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        While there are warnings about consuming too much Vitamin A during pregnancy, this is not a concern with beta-carotene. Your body will only convert what you need. Beta-carotene is an antioxidant. It helps protect your body against free radicals and ensures your immune system is strong.

        To make sure that you get enough orange veggies, keep a bag of carrots next to you to snack on. You can also cook squash or sweet potatoes in your oven and eat them as a healthy side dish.

        Dark Green Vegetables

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          Out of the five overall fruit and veggie servings, you need to eat at least two servings of dark leafy vegetables per day during your pregnancy. When it comes to greens, the darker the color the better. Some nutritionally dense veggies portraying the darker green color are kale, spinach, collards, and turnip greens. These power foods contain calcium, vitamin E, riboflavin, folic acid, magnesium, and again beta-carotene — the superstar phytochemical that is vital to your baby’s skin, bones, eyes, and cell growth.

          Try to eat these leafy green veggies both raw and cooked. You can throw all of your greens into a fresh salad and add extra color – or nutrients – by throwing in a rainbow of bell peppers, carrots, tomatoes, and cranberries. You can also sauté these greens lightly for a hearty side dish. Kale also can be dried in the oven to make yummy kale chips – which is a healthier alternative to potato chips.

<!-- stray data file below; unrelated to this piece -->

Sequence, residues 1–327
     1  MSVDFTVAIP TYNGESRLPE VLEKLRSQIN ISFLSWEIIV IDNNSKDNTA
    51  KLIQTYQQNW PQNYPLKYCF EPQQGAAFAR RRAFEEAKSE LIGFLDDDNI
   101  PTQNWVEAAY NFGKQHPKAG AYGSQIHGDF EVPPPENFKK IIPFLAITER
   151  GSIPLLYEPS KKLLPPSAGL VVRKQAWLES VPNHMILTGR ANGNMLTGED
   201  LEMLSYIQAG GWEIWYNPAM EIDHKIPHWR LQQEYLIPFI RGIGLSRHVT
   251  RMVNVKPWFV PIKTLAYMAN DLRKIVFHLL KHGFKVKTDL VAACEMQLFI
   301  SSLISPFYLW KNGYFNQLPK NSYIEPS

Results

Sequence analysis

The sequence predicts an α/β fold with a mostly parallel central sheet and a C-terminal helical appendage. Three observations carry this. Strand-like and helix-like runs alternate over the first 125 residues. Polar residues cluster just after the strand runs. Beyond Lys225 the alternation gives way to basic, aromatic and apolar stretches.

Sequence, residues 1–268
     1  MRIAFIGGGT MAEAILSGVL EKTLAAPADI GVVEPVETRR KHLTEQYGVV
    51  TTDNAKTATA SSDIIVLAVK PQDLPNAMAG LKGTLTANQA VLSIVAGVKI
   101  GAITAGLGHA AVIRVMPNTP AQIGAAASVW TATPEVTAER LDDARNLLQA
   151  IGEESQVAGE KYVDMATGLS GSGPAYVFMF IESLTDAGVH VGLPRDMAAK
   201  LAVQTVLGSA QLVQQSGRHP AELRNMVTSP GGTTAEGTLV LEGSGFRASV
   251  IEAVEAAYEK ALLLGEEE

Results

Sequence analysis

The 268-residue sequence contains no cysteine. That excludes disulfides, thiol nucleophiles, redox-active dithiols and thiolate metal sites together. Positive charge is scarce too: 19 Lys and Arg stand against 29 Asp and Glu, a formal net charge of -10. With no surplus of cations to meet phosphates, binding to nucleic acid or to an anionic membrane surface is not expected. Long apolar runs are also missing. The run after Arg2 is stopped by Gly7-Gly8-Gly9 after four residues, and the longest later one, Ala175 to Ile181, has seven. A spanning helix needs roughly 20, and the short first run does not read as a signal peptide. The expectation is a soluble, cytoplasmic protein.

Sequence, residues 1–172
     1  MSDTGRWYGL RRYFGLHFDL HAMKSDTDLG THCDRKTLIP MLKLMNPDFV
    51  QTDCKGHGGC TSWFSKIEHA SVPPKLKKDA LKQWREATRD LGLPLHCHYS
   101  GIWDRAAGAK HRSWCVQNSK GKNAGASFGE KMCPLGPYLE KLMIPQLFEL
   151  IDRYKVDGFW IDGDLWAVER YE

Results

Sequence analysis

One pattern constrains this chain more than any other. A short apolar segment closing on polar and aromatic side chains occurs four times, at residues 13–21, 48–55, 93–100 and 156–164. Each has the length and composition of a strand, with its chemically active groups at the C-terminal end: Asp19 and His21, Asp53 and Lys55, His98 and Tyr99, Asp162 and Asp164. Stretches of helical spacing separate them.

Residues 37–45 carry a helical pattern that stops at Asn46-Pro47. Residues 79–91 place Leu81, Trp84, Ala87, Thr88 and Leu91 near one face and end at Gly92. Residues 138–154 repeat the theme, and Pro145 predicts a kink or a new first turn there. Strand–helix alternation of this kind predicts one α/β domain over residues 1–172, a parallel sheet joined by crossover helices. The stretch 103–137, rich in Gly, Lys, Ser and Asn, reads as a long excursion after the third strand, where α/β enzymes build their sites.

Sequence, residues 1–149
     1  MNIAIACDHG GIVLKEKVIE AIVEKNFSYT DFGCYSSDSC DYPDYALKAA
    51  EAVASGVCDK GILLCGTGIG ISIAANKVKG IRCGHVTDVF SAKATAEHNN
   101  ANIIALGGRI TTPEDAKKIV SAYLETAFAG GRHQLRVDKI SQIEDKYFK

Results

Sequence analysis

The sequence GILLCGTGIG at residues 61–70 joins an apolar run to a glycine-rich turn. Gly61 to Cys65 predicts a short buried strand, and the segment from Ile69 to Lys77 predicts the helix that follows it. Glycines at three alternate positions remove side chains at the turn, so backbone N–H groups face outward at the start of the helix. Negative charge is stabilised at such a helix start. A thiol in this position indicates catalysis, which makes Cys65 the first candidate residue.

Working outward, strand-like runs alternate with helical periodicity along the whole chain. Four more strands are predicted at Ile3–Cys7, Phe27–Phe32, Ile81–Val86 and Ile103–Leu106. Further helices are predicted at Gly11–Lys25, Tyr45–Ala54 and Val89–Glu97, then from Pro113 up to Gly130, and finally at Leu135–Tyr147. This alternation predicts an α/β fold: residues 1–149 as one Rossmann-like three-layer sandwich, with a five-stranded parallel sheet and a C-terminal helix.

Citrus Fruit

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            Make sure to include citrus fruits like oranges or grapefruit in your diet. While these fruits provide many important nutrients, the most important one is Vitamin C. This vitamin helps with the immunity of both mom and baby.

            Try to eat at least one serving of citrus fruit per day. You can start your day with a grapefruit or peel an orange as a midday snack. Try to choose the fruit over the juice, as the added fiber will help slow the absorption rate of the fruit sugars into the blood stream and avoid a sugar spike. Gestational diabetes also occurs in about 18% of all pregnancies. For these ladies, it’s crucial to keep their blood sugar stable. The extra fiber found in the fruit also helps with digestion.

            Whole Grains

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              Most dietitians also recommend six servings of enriched whole grains and cereals per day. Make sure you eat whole grains, not refined grains. The nutritional difference is night and day!